Sting phones in a competent effort. The choruses, breaks and middle eights are all in the right places, but 57th & 9th fails to thrill.
Sting‘s PR machine is at pains to make sure we understand that this is his first ROCK album in “over a decade” but what does that really mean? Listening to 57th & 9th I’m reminded that Sting’s best albums don’t operate in a single dimension and can’t be pigeonholed quite so easily. The best Sting long-players have effortlessly woven jazz, folk, world music and even classical influences into the ‘rock’ template.
Let’s take a look at the new album, track-by-track:
Lead single I Can’t Stop Thinking About You is refreshingly straightforward and undoubtedly ‘radio-friendly’ but demands little of the listener. It’s akin to enjoying a hearty meal while you’re eating it, only to feel hungry again not long after. The pleasure is fleeting.
50,000 starts promisingly enough, with a strident U2-style intro but the verses disappoint with Sting delivering lines like “we flew like kites on the wings of amphetamine” in a semi-spoken fashion. The chorus is decent but overall the song isn’t memorable or convincing.
Down Down Down is fairly anonymous, mid-paced song, with a slightly self-pitying lyric (“I’m drinking from this bitter cup, the only place that’s left is up..”). It’s rather unengaging and seems to go on for ages, even though it clocks in at just three-and-a-half minutes.
One Fine Day is concerned with climate change, has a lovely verse melody and is a tight and disciplined three-minute pop song, even if its breezy positivity and slightly banal chorus pay-off line denies it any interesting sharp edges. Surely the next ‘single’.
Pretty Young Soldier tells the story of a young woman who pretends to be a man to join the army and keep an eye on her lover. “With a sword and a musket she took the King’s shilling,” Sting sings (only Mr Sumner gets away with lines like that) and if you remember Blackadder II and “I find you curiously pleasant company, young Bob” or recall Kate Bush’s take on The Handsome Cabin Boy, you’ll get the idea! Better than it sounds, and it has a good intro. At least Sting admits (in the booklet) that cross dressing is a “well-worn theme” in old British folk songs.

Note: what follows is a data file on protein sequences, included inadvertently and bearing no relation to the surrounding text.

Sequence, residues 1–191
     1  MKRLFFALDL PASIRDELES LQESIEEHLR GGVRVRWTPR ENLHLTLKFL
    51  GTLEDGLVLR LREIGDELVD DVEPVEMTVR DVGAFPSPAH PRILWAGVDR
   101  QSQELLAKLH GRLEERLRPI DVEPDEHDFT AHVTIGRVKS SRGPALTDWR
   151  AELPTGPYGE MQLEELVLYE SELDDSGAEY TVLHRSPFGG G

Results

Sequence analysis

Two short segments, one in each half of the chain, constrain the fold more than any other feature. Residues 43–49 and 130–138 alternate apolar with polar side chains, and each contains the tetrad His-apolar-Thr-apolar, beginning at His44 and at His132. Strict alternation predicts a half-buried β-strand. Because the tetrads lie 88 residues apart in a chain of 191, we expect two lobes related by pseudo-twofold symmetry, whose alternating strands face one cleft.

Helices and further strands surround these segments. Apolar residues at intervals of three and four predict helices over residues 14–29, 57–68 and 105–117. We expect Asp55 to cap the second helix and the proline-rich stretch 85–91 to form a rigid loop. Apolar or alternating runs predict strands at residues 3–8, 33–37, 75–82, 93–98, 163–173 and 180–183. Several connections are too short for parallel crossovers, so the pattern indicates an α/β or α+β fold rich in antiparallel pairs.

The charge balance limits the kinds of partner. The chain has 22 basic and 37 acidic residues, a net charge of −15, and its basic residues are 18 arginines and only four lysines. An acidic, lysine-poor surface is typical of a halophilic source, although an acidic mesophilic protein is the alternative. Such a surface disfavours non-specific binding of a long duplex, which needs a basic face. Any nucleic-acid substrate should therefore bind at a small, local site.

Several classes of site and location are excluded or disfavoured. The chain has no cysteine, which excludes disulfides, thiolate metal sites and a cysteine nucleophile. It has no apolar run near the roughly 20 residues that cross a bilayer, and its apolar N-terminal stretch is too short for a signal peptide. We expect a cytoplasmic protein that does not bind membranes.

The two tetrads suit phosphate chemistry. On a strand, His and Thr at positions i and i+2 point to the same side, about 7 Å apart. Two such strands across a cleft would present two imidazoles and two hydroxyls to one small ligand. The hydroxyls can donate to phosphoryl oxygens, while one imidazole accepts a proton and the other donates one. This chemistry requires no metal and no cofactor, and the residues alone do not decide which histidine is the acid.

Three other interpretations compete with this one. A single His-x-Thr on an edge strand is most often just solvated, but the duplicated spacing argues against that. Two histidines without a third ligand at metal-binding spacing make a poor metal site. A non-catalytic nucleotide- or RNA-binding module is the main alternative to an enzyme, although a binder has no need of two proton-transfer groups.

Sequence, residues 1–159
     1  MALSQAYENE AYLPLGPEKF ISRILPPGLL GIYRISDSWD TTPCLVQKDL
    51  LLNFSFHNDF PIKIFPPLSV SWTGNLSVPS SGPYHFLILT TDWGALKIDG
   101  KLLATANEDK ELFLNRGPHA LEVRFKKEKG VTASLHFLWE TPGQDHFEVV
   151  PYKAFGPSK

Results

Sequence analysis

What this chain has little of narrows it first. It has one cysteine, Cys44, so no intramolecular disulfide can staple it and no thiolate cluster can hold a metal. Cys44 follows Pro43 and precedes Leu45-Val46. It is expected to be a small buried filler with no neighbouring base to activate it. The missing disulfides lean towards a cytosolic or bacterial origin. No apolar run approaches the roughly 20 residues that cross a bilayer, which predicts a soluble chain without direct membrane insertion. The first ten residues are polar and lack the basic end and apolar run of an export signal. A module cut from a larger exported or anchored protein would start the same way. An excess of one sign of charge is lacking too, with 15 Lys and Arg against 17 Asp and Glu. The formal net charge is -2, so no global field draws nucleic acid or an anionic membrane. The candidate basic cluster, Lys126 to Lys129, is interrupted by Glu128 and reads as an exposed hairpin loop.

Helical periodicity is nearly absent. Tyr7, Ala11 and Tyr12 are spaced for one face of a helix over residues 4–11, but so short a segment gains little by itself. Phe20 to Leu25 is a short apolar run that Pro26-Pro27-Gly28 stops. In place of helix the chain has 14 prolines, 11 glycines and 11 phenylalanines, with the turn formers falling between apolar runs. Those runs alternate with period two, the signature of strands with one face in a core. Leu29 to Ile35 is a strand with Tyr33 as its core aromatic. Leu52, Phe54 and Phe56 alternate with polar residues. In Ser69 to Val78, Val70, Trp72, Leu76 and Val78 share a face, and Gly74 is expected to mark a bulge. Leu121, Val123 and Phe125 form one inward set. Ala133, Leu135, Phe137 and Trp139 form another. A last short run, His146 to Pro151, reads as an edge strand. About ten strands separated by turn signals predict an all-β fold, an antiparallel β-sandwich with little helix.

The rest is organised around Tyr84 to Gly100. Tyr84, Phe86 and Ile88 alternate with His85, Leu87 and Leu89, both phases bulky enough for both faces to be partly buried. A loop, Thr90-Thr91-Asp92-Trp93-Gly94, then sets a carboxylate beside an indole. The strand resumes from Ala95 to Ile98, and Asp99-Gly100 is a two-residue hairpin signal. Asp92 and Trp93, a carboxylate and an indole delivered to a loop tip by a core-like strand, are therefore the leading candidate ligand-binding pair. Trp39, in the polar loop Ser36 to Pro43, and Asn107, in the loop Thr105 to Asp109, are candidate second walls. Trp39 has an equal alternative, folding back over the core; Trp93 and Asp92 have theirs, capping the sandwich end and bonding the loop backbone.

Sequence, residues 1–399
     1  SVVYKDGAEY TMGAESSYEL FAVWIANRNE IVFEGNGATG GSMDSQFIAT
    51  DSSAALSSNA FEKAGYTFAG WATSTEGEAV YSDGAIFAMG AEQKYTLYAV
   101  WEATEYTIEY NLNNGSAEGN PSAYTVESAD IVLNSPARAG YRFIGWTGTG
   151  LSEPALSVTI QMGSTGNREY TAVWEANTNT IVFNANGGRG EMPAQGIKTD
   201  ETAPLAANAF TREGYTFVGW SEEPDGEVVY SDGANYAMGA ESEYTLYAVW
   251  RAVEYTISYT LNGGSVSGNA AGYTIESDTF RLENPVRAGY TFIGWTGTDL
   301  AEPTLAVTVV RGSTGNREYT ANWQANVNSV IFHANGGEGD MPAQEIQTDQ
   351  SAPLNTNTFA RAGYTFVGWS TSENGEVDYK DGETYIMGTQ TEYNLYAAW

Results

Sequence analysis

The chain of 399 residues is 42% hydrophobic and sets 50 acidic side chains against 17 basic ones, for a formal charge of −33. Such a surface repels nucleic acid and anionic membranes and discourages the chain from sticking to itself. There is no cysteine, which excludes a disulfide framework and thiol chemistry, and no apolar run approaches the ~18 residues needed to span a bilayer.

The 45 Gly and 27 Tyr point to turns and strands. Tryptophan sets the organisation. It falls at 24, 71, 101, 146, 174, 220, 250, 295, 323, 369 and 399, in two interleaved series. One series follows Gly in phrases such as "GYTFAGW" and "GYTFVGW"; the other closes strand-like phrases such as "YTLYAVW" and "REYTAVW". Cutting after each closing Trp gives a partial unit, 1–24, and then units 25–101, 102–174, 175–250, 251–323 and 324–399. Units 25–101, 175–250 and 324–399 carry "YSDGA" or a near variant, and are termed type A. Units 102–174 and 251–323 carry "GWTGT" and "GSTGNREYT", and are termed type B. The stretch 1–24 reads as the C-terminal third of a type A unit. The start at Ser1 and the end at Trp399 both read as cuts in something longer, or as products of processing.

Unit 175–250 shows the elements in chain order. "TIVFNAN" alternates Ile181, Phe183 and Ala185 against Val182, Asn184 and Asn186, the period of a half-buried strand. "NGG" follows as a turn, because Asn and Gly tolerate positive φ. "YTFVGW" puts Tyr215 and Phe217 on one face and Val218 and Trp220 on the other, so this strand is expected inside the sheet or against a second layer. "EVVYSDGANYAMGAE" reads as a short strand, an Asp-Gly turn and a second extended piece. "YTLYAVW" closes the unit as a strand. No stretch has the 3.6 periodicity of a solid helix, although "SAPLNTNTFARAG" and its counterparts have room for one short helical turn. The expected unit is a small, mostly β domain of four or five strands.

Petrol Head is a pumping, noisy number full of driving metaphors, with Sting’s singing voice set to “Demolition Man”. It’s quite annoying and very skippable. He must have been short of songs for this to make the cut.
Acoustic, folk ditty Heading South On The Great North Road is the first song with an affecting lyric and what sounds like a genuine, heartfelt delivery. It’s not ‘rock’ and it doesn’t sound like The Police, but then neither did Englishman In New York, or We Work The Black Seam. This isn’t in that league, but it’s great.
If You Can’t Love Me spends a long time broodingly building up to each chorus, but when we get there it’s a bit of a let-down, both in terms of melody and lyric, with Sting half-singing “If you can’t love me this way, then you must leave me”. File this alongside Down Down Down and tag with the label ‘disappointing’. Both songs have the same writing credits: Sting, Dominic Miller and drummer Vinnie Colaiuta.
Inshallah is the only track on 57th & 9th that you could imagine on Nothing Like The Sun or The Soul Cages. It’s an atmospheric eastern-influenced number which attempts to tackle the refugee crisis from a humanitarian point of view. It’s one of only a few tracks on this album you seek out and want to play again, repeatedly. ‘Inshallah’ is Arabic for “God willing” or “if it is God will then it will come to pass”.
The album closes with The Empty Chair, a plaintive, acoustic number which was originally written for the closing credits of Jim, a documentary about photo-journalist James Foley who was murdered in Syria in 2014. Hard not to be moved when you know the back story.
SDE Summary: Sting’s last ‘rock’ album was 2003’s Sacred Love. He wrote all ten tracks on that record by himself, but only three out of ten get a solo ‘Sting’ credit on 57th & 9th. Perhaps it’s no coincidence that they are three of the better efforts – I Can’t Stop Thinking About You, Heading South On The Great North Road and Inshallah. Too many cooks? Only occasionally does Sting forget he’s trying to delivery a ‘hit’ rock album and it’s largely these moments that are the highlights, otherwise 57th & 9th is Sting-by-numbers. His best work is streets ahead.
Don’t agree? SDE would like to hear your views of the new album. Leave a comment.
Check out the SDEtv unboxing video of the super deluxe edition, below.
57th & 9th CD / LP
1. I Can’t Stop Thinking About You
3. Down, Down, Down
4. One Fine Day
5. Pretty Young Soldier
6. Petrol Head
7. Heading South On the Great North Road
8. If You Can’t Love Me
10. The Empty Chair
57th & 9th Deluxe CD edition bonus tracks
I Can’t Stop Thinking About You (LA Version)*
Inshallah (Berlin Sessions Version)*
Next to You*
57th & 9th Extra content for SDE
DVD with Sting interview and video of live performance of Next to You